|northern Papua New Guinea (mostly in East Sepik Province)|
|Linguistic classification||One of the world's primary language families|
The Sepik languages are a family of some 50 Papuan languages spoken in the Sepik river basin of northern Papua New Guinea, proposed by Donald Laycock in 1965 in a somewhat more limited form than presented here. They tend to have simple phonologies, with few consonants or vowels and usually no tones.
The Sepik languages, like their Ramu neighbors, appear to have three-vowel systems, /ɨ ə a/, that distinguish only vowel height. Phonetic [i e o u] are a result of palatal and labial assimilation to adjacent consonants. It is suspected that the Ndu languages may reduce this to a two-vowel system, with /ɨ/ epenthetic (Foley 1986).
The Sepik languages consist of two branches of Kandru's Laycock's Sepik–Ramu proposal, the Sepik subphylum and Leonhard Schultze stock. According to Malcolm Ross, the most promising external relationship is not with Ramu, pace Laycock, but with the Torricelli family.
In the cladogram below, the small "families" at the ends of the branches are clearly valid units. Higher nodes (Upper Sepik, Middle Sepik, Sepik Hills) are less certain; Foley (2005) accepts Sepik Hills and Middle Sepik.
- Sepik family
- Middle Sepik languages
- Tama languages
- Sepik Hill languages
- Ram languages: Awtuw, Bouye (Pouye), Karawa
- Upper Sepik languages
Like the neighboring Torricelli languages, but unlike the rest of the Sepik languages, the Ram and Yellow River languages do not have clause chaining constructions (for an example of a clause chaining construction in a Trans-New Guinea language, see Kamano language#Clause chaining). Foley (2018) suggests that many of the Ram and Yellow River-speaking peoples may have in fact been Torricelli speakers who were later assimilated by Sepik-speaking peoples.:298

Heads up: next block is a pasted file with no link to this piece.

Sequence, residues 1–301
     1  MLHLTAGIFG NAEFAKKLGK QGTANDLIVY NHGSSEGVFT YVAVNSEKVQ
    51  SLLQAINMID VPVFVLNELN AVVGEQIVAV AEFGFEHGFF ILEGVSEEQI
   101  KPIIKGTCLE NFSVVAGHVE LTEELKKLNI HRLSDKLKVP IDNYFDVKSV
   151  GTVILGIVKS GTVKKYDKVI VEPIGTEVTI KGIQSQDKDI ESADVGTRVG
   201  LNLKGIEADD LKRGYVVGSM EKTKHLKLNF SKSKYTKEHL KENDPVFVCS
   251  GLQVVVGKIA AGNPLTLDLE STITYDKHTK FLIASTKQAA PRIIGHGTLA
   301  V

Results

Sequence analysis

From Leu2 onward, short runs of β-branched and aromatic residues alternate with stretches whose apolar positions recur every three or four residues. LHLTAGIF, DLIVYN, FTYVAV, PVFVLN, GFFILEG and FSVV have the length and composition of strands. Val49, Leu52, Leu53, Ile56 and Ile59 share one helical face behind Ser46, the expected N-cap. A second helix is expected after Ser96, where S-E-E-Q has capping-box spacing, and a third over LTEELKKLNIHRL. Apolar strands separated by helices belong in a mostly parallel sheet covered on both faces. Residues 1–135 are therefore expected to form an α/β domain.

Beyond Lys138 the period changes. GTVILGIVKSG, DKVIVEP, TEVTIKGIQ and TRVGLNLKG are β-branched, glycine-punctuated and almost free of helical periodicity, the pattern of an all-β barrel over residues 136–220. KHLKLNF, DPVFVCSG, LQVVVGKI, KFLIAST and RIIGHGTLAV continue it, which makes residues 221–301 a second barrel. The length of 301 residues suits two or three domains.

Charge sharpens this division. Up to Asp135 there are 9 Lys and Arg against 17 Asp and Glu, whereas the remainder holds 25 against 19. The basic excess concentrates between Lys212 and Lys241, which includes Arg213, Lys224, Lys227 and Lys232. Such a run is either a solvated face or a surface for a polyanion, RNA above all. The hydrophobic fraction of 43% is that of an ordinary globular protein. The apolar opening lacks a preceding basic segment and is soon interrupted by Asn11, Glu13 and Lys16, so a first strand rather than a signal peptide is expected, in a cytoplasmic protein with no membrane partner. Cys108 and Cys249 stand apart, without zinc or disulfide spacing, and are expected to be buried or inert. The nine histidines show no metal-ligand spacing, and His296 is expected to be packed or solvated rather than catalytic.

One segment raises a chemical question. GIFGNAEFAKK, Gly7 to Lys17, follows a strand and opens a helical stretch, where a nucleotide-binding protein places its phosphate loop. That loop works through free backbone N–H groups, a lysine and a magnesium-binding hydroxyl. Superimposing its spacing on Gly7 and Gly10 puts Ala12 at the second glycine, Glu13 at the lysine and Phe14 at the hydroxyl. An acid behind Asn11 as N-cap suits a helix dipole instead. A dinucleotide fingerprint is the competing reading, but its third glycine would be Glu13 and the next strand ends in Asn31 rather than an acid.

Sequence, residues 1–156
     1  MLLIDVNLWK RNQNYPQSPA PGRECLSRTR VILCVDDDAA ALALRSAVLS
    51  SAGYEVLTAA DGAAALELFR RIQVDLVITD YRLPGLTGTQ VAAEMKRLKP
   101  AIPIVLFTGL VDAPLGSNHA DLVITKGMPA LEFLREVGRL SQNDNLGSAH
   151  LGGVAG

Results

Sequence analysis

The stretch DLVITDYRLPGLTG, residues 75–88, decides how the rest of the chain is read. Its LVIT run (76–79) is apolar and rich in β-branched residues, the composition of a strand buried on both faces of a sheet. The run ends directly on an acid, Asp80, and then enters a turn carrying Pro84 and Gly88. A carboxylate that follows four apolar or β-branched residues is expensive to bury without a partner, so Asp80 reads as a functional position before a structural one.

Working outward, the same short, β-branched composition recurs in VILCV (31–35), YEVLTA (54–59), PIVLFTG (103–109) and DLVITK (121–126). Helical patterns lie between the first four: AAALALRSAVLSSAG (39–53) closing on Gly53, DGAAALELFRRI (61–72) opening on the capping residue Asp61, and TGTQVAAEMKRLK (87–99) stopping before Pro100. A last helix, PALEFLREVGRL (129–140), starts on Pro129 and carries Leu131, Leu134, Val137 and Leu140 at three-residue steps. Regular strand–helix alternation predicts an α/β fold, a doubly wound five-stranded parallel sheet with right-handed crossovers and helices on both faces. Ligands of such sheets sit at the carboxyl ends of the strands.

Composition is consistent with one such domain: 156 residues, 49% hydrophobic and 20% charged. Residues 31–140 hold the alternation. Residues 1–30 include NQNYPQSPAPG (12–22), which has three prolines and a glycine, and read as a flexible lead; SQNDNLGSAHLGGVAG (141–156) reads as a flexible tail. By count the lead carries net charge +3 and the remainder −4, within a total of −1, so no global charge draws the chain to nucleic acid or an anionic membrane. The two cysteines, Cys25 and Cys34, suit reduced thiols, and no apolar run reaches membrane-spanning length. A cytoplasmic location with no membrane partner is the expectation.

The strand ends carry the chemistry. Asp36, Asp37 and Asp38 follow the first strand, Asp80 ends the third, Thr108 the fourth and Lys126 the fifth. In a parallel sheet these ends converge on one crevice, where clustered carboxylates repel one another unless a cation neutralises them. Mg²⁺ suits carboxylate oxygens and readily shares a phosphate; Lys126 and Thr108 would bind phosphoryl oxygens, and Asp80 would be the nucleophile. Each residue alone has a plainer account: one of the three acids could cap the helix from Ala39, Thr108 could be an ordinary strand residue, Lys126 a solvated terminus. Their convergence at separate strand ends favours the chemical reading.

- Leonhard Schultze family
- Walio, Pei (Pai), Yawiyo (Yabio), Tuwari, Baiyamo (Paupe / Papi), Asaba (Suarmin), Duranmin
The pronouns Ross reconstructs for proto-Sepik are:
I *wan we two *na-nd, *na-p we *na-m thou (M) *mɨ-n you two *kwə-p you *kwə-m thou (F) *yɨ-n, *nyɨ-n he *ətə-d, *də they two *ətə-p, *tɨ-p they *ətə-m, *tɨ-m she *ətə-t, *tɨ
Note the similarities of the dual and plural suffixes with those of the Torricelli languages.
Ross reconstructs two sets of pronouns for "proto–Upper Sepik" (actually, Abau–Iwam and Wogamusin (Tama)). These are the default set (Set I), and a set with "certain interpersonal and pragmatic functions" (table 1.27):
Pronoun Set I I *an we two *nə-d we *nə-n thou (M) *nɨ you two *nə-p you *nə-m thou (F) (*nɨ-n) he *tə- they two (*rə-p) they *ra-m she *tɨ- Pronoun Set II I *ka we two *krə-d we *krə-m thou (M) *kɨ you two *kə-p you *kə-m thou (F) ? he *si they two *sə-p they (*sə-m) she (*sae)
Most Sepik languages have reflexes of proto-Sepik *na ~ *an for 1sg, *no for 1pl, and *ni for 2sg.
Proto-Sepik forms reconstructed by Foley (2018) that are widespread across the family:
gloss proto-Sepik ‘breast’ *muk ‘tongue’ *ta(w)r ‘tree’ *mi ‘dog’ *wara ‘louse’ *nim ‘feces’ *ri ‘go’ *(y)i ‘come’ *ya ‘1sg’ *na ~ *an ‘2sg’ *ni ‘1pl’ *no ‘dative suffix’ *-ni ‘locative suffix’ *-kV
group isolating agglutinative Ndu Ambulas Manambu Sepik Hill Sanio-Hiowe Alamblak Tama Yessan-Mayo Mehek
Like the isolate Taiap, but unlike the Lower Sepik-Ramu, Yuat, and Upper Yuat families, Sepik languages distinguish masculine and feminine genders, with the feminine gender being the more common default unmarked gender. Proto-Sepik gender-marking suffixes are reconstructed by Foley (2018) as: